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PREVENTING CARBON MONOXIDE POISONING
• Service all heating systems and all gas-, oil- or coal-burning appliances by a technician annually.
• Install a battery-operated and electric-powered carbon monoxide detector in your home and check or replace the battery when you change the time on your clocks each spring and fall. If the detector sounds, leave your home immediately and call 911.
• Contact a doctor if you believe you have carbon monoxide poisoning.
• Do not use gas-powered devices such as a generator, grill or stove inside your home, basement or near a near a window or door. Generators should be operated more than 15 feet from the home.
• Do not run any gas-powered motor inside a closed structure, such as a garage.
The Great Chicago Fire of 1871 is the impetus for Fire Prevention Week. The fire started in downtown Chicago, near the famous O'Leary barn. The fire spread quickly after a long, hot and dry summer. The city had grown quickly, and the construction type reflected that. The structures were made of wood, as were the sidewalks and the streets. The fire burned for three days and destroyed 3.5 square miles of downtown Chicago, left more than 100,000 people homeless and killed approximately 300 citizens.
Each year, a theme is selected for Fire Prevention Week. The theme for 2011 is “It's Fire Prevention Week - Practice Your Escape Plan,” which reminds us that many people say they have a fire escape plan, but very few practice the plan with their families.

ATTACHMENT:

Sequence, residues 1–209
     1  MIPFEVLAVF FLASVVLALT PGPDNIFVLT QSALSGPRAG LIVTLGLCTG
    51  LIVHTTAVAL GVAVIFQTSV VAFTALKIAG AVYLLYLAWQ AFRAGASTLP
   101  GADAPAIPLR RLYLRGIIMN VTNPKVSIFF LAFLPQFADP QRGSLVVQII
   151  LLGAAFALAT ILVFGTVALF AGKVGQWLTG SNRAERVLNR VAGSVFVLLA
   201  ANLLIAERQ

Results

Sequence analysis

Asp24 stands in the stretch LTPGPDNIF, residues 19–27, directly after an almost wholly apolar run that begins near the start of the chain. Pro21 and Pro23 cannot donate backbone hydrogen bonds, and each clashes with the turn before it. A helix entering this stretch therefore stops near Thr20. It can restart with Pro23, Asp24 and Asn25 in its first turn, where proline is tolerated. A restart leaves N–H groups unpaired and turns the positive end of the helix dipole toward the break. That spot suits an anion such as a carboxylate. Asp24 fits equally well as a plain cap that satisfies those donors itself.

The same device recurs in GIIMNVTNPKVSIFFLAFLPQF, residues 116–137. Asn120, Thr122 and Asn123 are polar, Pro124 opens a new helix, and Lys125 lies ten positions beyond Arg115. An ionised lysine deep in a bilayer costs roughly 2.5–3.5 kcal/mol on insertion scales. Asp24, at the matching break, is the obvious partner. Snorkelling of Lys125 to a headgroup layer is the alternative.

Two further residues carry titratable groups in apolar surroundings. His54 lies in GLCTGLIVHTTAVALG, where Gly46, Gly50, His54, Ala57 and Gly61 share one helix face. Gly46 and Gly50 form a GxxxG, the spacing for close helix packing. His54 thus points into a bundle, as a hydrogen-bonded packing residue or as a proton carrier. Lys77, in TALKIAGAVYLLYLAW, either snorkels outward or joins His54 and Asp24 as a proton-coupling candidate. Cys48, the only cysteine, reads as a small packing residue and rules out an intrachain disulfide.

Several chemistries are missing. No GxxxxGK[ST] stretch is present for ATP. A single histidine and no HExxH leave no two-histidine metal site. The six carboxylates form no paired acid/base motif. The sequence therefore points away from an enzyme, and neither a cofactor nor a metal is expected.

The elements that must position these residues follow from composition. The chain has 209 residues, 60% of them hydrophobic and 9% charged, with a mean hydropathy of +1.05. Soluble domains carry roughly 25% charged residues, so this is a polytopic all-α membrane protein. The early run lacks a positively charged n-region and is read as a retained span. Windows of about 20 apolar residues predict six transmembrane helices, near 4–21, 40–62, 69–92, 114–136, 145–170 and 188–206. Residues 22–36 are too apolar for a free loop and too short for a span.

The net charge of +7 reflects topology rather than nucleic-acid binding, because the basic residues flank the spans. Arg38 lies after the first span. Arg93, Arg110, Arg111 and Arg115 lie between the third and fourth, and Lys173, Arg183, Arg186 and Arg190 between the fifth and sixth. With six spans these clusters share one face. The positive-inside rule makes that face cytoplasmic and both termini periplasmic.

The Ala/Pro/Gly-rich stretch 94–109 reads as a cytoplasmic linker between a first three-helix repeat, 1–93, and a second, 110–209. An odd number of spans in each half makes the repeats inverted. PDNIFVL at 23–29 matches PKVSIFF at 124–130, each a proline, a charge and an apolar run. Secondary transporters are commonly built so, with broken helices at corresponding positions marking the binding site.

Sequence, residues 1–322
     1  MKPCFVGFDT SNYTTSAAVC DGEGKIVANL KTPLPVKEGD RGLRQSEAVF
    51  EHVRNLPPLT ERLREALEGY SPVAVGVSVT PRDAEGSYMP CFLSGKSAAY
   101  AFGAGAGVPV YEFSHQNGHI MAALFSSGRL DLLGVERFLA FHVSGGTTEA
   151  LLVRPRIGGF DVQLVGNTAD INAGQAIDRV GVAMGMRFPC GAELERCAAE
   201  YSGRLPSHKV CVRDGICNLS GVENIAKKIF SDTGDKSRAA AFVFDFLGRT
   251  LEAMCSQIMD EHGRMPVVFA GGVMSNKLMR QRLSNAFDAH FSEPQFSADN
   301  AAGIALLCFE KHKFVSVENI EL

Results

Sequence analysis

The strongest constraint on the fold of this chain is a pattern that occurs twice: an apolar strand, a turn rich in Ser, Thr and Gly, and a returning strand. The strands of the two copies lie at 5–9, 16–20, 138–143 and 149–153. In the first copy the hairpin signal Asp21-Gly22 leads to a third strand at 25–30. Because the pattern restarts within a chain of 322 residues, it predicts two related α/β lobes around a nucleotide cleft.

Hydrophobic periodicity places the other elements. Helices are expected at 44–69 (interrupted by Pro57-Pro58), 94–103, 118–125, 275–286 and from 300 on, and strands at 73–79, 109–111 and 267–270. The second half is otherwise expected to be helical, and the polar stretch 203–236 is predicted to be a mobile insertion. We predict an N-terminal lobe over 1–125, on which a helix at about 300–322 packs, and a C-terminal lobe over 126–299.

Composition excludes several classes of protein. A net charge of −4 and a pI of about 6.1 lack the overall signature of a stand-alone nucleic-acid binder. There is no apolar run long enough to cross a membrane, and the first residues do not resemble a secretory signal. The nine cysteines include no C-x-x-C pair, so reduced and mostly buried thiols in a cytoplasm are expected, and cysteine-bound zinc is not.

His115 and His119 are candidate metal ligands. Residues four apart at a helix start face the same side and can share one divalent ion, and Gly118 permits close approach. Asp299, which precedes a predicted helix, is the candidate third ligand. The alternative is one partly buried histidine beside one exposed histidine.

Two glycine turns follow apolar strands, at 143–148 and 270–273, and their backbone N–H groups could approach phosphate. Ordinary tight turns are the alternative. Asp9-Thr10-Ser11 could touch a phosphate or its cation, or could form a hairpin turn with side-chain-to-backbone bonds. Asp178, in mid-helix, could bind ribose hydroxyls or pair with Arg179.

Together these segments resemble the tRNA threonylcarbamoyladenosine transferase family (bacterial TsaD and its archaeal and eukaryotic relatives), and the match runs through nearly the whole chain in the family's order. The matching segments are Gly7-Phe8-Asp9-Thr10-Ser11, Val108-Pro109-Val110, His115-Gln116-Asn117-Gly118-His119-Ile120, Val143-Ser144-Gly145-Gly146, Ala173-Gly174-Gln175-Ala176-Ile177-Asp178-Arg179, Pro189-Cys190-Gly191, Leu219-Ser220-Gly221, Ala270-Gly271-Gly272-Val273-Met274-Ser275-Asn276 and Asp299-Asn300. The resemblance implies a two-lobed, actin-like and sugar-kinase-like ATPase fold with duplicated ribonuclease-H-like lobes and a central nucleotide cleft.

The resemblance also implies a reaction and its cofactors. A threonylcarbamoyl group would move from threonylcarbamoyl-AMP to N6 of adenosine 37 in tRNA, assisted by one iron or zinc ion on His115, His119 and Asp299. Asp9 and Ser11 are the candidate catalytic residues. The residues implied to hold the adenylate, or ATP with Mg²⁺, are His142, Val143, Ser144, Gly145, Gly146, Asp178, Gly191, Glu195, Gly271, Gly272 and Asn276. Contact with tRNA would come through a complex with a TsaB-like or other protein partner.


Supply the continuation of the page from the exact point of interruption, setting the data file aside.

In 2009, U.S. fire departments responded to 1.4 million fires and 25 percent of these were home fires. Home fires killed 3,010 people that year - roughly eight people every day. While it is estimated that 96 percent of U.S. homes have smoke alarms, about one-fifth of them are not working, usually due to dead or missing batteries. Similarly, a very small percent - 23 to be exact - actually have developed and practiced a home fire escape plan. Take the few minutes needed to make a map of your home, draw in the rooms, label them and mark in the doors and windows. Check smoke alarms and mark them on the plan, as well as your carbon monoxide alarms. Also, write down where you keep your family first-aid kit and disaster kit. Then practice the plan with your family and meet up at the predetermined family meeting place.
It is important to be prepared to escape from a fire if one occurs, but it is equally important to prevent fires from happening in the first place. Take steps to avoid fires by making sure your home and activities that take place there are as safe as possible. The leading causes of home fires are cooking, heating, electrical equipment and intentionally set fires.
Take a few minutes out of your day to make your family more fire-safe. You will learn a little, teach a little and have a good time in the process. You will also be passing down valuable fire safety lessons to the next generation. As always, if you have any questions about the home escape plan, stop by any Livonia fire station for help.
Be sure to visit us to help kick off Fire Prevention Week by attending our Open House on Saturday, Oct. 15, at fire station No. 3, located off Seven Mile Road at Wayne, at the entrance to Bicentennial Park. The hours are from 10 a.m. until 2 p.m., and you can greet your Livonia firefighters, see their full protective equipment, watch some fire demonstrations, learn and have fun all at the same time. Hope to see you there!
Tom Kiurski is training coordinator for the Livonia Fire Department.